File Name: agrarian class structure and economic development in pre-industrial europe .zip
- Brenner debate
- Investment Expenditures and the Transition from Feudalism to Capitalism
- Paradigms of poverty: A critical assessment of contemporary perspectives
There is a great deal of literature on the role of capital investment in the economic transition from feudalism to capitalism. Investment in capital and new technology and agricultural techniques has not been considered worthwhile in a medieval economy because of a lack of strong peasant property rights and no incentive on the part of lords and barons to lend money to peasant farmers. Therefore, the medieval economy and standards of living at that time have been characterized as non-dynamic and static due to insufficient investment in innovative techniques and technology. The capital investment undertaken typically would have been in livestock, homes, or public investment in canals, bridges, and roads, although investment in the latter would have been hindered by a fragmented political system of fiefdoms and lack of a unified national government. This paper attempts to demonstrate empirically that a productive and sufficient level of investment out of accumulated capital income, taxation, and rents does not have a real impact on economic per capita growth until the s in Britain perhaps due to the beginning of a strong, central government as well as to the level of capital, tax, and land income achieving an adequate threshold amount and providing some type of investment multiplier effect. A high wage share as a portion of national income also appears to be associated with higher investment levels. The types of investment, threshold amounts of investment out of profits and rents, and the price of labor seem to matter when it comes to raising GDP per capita to higher levels.
Keywords: Economic inequality, economic history, European economic history, pre-industrial age. Pages: Published by: Firenze University Press. Publication year: DOI: Edited by: Nigro, Giampiero. Cita come: Van Bavel, B.
Investment Expenditures and the Transition from Feudalism to Capitalism
Return to Home Page. Sixteenth- and seventeenth-century England witnessed an agricultural revolution which involved massive changes in land tenure, the organization of production on farms, the techniques employed in farming, and the productivity of agriculture. Thus the sixteenth century represented a sharp change in English rural life: the emergence of the capitalist farm in place of small-scale peasant cultivation, the intensification of market relations, increase in population, and eventual breakthrough to capitalist development in town and country. The social consequences of this revolution were massive as well: smallholding peasant farming gave way to larger capitalist farms; hundreds of thousands of displaced peasants were rapidly plunged into conditions of day labor, first in farming and then in manufacture in towns and cities; higher farm productivity permitted more rapid urbanization and the growth of an urban, commercialized economy; and higher real incomes provided higher levels of demand for finished goods which stimulated industrial development. Thus the agricultural revolution was the necessary prelude to the industrial revolution in England. It was indeed, in the last analysis, an agricultural revolution, based on the emergence of capitalist class relations in the countryside which made it possible for England to become the first nation to experience industrialization [through higher levels of grain productivity and higher income to stimulate demand for industrial goods].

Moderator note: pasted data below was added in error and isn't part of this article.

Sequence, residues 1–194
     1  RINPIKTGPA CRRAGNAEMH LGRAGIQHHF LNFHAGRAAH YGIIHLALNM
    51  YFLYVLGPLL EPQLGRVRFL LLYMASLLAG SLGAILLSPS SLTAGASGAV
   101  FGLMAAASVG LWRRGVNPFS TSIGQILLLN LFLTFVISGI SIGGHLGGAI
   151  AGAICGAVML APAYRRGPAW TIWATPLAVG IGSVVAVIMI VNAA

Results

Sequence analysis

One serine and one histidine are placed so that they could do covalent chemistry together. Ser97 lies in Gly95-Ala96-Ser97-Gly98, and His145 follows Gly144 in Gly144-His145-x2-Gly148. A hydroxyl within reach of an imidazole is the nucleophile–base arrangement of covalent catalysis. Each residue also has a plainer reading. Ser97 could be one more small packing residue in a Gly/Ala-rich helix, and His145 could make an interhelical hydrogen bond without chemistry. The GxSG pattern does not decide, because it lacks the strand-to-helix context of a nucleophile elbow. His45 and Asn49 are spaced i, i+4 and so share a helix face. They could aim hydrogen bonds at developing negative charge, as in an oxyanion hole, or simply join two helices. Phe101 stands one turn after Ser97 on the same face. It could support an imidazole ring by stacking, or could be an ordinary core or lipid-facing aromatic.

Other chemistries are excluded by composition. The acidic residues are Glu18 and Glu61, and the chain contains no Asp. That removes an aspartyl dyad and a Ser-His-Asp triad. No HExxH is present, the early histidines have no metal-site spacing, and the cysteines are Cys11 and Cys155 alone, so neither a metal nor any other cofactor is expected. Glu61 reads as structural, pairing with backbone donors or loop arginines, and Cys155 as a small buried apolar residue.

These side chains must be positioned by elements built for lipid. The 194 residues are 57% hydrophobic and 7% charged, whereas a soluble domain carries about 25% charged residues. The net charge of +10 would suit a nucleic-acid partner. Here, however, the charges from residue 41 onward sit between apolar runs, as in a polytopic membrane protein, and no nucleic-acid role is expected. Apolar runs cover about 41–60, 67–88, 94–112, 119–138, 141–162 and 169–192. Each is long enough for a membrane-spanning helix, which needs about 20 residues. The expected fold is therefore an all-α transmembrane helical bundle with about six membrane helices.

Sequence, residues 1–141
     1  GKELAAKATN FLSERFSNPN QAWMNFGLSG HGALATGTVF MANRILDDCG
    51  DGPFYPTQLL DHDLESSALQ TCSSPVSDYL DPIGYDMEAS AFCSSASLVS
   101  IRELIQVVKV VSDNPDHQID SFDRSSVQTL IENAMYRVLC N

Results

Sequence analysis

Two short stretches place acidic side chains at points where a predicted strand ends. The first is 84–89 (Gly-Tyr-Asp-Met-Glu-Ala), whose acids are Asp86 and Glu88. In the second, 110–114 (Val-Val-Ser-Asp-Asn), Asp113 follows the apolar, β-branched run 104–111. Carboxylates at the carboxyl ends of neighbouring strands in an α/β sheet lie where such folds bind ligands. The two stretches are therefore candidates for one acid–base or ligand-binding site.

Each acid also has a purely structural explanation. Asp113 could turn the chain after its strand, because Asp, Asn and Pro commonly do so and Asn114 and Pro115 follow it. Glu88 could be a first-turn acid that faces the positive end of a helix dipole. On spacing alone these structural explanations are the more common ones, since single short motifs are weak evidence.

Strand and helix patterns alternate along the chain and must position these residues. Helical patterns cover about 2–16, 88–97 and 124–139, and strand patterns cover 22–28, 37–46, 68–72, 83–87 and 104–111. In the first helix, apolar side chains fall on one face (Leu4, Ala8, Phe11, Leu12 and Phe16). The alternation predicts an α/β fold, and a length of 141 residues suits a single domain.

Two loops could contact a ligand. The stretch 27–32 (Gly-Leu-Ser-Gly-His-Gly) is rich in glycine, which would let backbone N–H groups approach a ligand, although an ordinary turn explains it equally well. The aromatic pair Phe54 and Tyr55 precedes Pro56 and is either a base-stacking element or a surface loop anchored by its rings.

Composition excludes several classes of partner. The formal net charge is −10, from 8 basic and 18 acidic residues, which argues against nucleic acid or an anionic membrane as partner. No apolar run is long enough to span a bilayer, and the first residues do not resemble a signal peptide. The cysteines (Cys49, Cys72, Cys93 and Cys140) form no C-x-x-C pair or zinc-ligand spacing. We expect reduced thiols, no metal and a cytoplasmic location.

Robert Brenner; AGRARIAN CLASS STRUCTURE AND ECONOMIC DEVELOPMENT IN PRE-INDUSTRIAL EUROPE*, Past & Present, Volume 70, Issue 1, 1 February , Pages 30–75, h. Article PDF first page preview.
Paradigms of poverty: A critical assessment of contemporary perspectives
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Download to read the full article text. Aston, T. Cambridge: Cambridge University Press.